INDIAN HISTORY WONDER IN GREECE (Post No.7367 )

COMPILED BY LONDON SWAMINATHAN    

POST NO.7367

DATE 21 DECEMBER 2019

TIME IN LONDON -13-37

                      Contact – swami_48@yahoo.com

A Bronze Age painting on a Greek island shows a monkey from thousands of kilometres away in Asia. The finding suggests that ancient cultures separated by great distances were trading and exchanging ideas.

The artwork is one of several wall paintings in a building at Akrotiri on the Greek island of Thera (Santorini) in the Aegean Sea. Akrotiri was a settlement of the Minoan civilisation in Bronze Age Greece that was buried by ash from a volcanic eruption in around 1600 BC.

Many of the paintings show monkeys, yet there were no monkeys in Greece at the time. Most of the monkeys have been identified as Egyptian species like olive baboons. This makes sense because Egypt was in contact with the Minoan civilisation, which was spread across several Aegean islands. However, others were harder to identify.

Marie Nicole Pareja at the University of Pennsylvania in Philadelphia teamed up with primatologists to re-examine the mystery monkey paintings. One stood out. “When they looked at this wall painting, they all straight away unambiguously said ‘that’s a langur’,” says Pareja.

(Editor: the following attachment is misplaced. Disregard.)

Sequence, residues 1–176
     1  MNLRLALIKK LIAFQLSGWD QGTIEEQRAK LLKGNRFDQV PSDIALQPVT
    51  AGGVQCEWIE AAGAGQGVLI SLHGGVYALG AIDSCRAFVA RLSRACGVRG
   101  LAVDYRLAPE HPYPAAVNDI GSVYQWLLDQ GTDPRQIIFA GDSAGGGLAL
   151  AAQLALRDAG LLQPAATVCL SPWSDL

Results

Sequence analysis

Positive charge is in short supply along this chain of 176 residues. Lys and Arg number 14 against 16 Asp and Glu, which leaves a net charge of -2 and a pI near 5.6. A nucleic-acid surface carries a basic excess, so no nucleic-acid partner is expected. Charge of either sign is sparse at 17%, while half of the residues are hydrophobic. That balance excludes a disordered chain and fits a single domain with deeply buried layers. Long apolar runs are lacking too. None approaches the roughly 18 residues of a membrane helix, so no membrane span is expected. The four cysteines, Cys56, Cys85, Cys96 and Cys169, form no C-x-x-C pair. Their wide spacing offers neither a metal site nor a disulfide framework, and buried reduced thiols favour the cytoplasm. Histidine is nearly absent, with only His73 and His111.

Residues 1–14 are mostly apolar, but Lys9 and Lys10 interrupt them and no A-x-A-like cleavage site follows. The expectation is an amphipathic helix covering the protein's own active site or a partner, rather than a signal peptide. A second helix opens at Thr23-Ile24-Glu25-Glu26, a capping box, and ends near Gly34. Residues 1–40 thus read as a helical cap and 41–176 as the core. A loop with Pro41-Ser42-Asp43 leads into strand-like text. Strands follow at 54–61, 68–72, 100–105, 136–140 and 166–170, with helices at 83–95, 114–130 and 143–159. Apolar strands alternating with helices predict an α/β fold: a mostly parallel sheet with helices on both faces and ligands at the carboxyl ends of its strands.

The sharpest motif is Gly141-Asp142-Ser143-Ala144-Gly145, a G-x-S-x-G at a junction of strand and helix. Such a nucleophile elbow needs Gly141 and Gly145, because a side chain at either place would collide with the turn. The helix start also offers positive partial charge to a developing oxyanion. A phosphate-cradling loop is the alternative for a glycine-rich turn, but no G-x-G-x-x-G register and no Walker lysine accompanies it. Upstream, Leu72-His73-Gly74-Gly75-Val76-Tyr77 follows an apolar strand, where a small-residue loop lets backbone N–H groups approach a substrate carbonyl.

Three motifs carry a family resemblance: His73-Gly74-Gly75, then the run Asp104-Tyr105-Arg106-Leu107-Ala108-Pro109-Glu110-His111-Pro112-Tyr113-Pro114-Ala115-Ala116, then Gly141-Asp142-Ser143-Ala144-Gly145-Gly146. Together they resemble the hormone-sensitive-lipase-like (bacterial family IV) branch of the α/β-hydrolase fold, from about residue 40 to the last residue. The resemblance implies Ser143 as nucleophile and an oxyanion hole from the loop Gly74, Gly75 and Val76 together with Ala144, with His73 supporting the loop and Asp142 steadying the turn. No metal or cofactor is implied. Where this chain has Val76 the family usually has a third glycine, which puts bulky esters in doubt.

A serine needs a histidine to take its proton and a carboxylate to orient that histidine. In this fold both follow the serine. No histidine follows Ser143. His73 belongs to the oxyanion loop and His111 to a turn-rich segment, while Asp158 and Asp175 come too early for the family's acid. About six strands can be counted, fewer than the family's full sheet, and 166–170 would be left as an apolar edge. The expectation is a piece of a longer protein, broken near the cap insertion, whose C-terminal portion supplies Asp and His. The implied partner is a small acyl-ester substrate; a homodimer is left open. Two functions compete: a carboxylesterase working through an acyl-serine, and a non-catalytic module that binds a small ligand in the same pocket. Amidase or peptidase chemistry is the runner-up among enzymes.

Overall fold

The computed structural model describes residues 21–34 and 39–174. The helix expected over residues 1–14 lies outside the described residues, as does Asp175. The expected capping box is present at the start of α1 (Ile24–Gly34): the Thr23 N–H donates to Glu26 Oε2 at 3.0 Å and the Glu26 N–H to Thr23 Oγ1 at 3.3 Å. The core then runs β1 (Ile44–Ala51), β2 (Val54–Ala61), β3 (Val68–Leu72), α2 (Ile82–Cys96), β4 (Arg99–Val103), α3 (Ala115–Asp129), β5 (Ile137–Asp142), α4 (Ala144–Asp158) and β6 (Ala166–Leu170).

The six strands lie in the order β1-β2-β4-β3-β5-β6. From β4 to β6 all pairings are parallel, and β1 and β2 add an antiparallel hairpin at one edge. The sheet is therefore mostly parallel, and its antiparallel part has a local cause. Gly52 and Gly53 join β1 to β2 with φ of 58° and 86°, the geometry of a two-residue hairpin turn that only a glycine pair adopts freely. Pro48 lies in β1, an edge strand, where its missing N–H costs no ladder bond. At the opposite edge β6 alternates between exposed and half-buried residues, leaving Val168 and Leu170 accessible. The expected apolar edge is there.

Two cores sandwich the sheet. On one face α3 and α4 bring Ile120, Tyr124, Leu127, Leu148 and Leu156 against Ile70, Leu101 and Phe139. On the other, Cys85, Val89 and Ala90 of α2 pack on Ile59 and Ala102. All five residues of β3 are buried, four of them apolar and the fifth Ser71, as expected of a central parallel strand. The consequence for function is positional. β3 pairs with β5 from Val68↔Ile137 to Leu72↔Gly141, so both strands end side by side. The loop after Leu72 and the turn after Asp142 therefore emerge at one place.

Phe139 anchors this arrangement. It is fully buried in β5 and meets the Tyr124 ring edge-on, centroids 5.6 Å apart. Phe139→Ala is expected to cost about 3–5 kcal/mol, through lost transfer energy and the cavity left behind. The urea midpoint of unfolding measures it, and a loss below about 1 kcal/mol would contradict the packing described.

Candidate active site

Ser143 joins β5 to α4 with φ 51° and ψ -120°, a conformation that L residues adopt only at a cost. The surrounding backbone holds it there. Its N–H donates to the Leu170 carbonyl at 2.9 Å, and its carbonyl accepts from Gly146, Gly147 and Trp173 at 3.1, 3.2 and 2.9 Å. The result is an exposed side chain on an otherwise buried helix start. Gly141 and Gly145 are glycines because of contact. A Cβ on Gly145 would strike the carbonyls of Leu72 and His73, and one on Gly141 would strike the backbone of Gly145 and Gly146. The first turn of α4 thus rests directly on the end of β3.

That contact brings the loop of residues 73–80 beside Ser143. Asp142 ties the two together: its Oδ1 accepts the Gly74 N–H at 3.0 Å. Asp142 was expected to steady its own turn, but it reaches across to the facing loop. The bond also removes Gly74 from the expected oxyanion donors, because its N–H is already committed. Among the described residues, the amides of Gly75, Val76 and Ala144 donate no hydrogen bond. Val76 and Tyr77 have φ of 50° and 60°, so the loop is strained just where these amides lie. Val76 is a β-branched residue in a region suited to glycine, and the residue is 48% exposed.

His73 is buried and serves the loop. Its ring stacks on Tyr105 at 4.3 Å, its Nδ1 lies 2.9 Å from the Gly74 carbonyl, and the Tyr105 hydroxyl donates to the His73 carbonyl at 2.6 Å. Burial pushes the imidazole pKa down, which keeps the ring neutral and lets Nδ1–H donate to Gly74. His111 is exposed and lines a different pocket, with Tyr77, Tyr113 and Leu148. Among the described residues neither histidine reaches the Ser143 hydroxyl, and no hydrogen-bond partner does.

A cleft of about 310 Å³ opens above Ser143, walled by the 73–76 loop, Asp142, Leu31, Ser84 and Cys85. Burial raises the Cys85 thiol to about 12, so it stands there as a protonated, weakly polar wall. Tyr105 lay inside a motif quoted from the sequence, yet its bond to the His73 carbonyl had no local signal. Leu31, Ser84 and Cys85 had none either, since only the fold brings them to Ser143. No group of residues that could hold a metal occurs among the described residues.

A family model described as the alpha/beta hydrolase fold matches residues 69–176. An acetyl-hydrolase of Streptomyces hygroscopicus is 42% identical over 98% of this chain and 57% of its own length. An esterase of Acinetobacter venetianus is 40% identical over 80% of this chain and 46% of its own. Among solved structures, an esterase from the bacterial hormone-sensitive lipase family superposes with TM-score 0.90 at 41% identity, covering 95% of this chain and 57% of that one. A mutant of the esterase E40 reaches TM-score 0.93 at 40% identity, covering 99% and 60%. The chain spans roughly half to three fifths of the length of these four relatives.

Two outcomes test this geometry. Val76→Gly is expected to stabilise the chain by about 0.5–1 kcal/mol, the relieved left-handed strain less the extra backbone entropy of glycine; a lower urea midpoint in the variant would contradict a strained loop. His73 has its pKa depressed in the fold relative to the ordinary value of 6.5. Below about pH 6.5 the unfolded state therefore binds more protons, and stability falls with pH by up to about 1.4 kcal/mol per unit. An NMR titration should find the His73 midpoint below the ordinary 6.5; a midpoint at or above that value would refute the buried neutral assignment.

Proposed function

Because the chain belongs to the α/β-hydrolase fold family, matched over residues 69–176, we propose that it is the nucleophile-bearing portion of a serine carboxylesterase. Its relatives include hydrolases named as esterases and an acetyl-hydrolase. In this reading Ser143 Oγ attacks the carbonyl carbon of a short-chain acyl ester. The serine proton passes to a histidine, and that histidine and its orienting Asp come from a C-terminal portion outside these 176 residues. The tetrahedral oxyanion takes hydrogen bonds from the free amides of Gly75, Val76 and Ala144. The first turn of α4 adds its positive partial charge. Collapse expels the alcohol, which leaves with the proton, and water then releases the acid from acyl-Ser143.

The team has identified the monkey as a grey langur (Semnopithecus). As well as its distinctive fur, the monkey was depicted holding its tail in a characteristic S shape.

Grey langurs live in southern Asia in what is now Nepal, Bhutan and India – and particularly in the Indus Valley. During the Bronze Age, the region was home to the Indus Valley Civilisation, one of the most important societies of that time. Although it was past its peak, the Indus Valley Civilisation was still advanced for its time, with large cities and elaborate water supply systems.

Somehow, the artist who painted the monkey picture must have seen a grey langur. But how?

Did Minoan Greeks visit the Indus? “I wouldn’t be surprised if someday in the future we found evidence for that kind of direct contact,” says Pareja, but right now there is none. It is also possible the visit was the other way round, but again there is no evidence.

Instead, it may be that Greece and Indus were connected via Mesopotamia, another Bronze Age civilisation centred on what is now Iraq. Langurs may have been imported to Mesopotamia for menageries, where visiting Greeks saw them.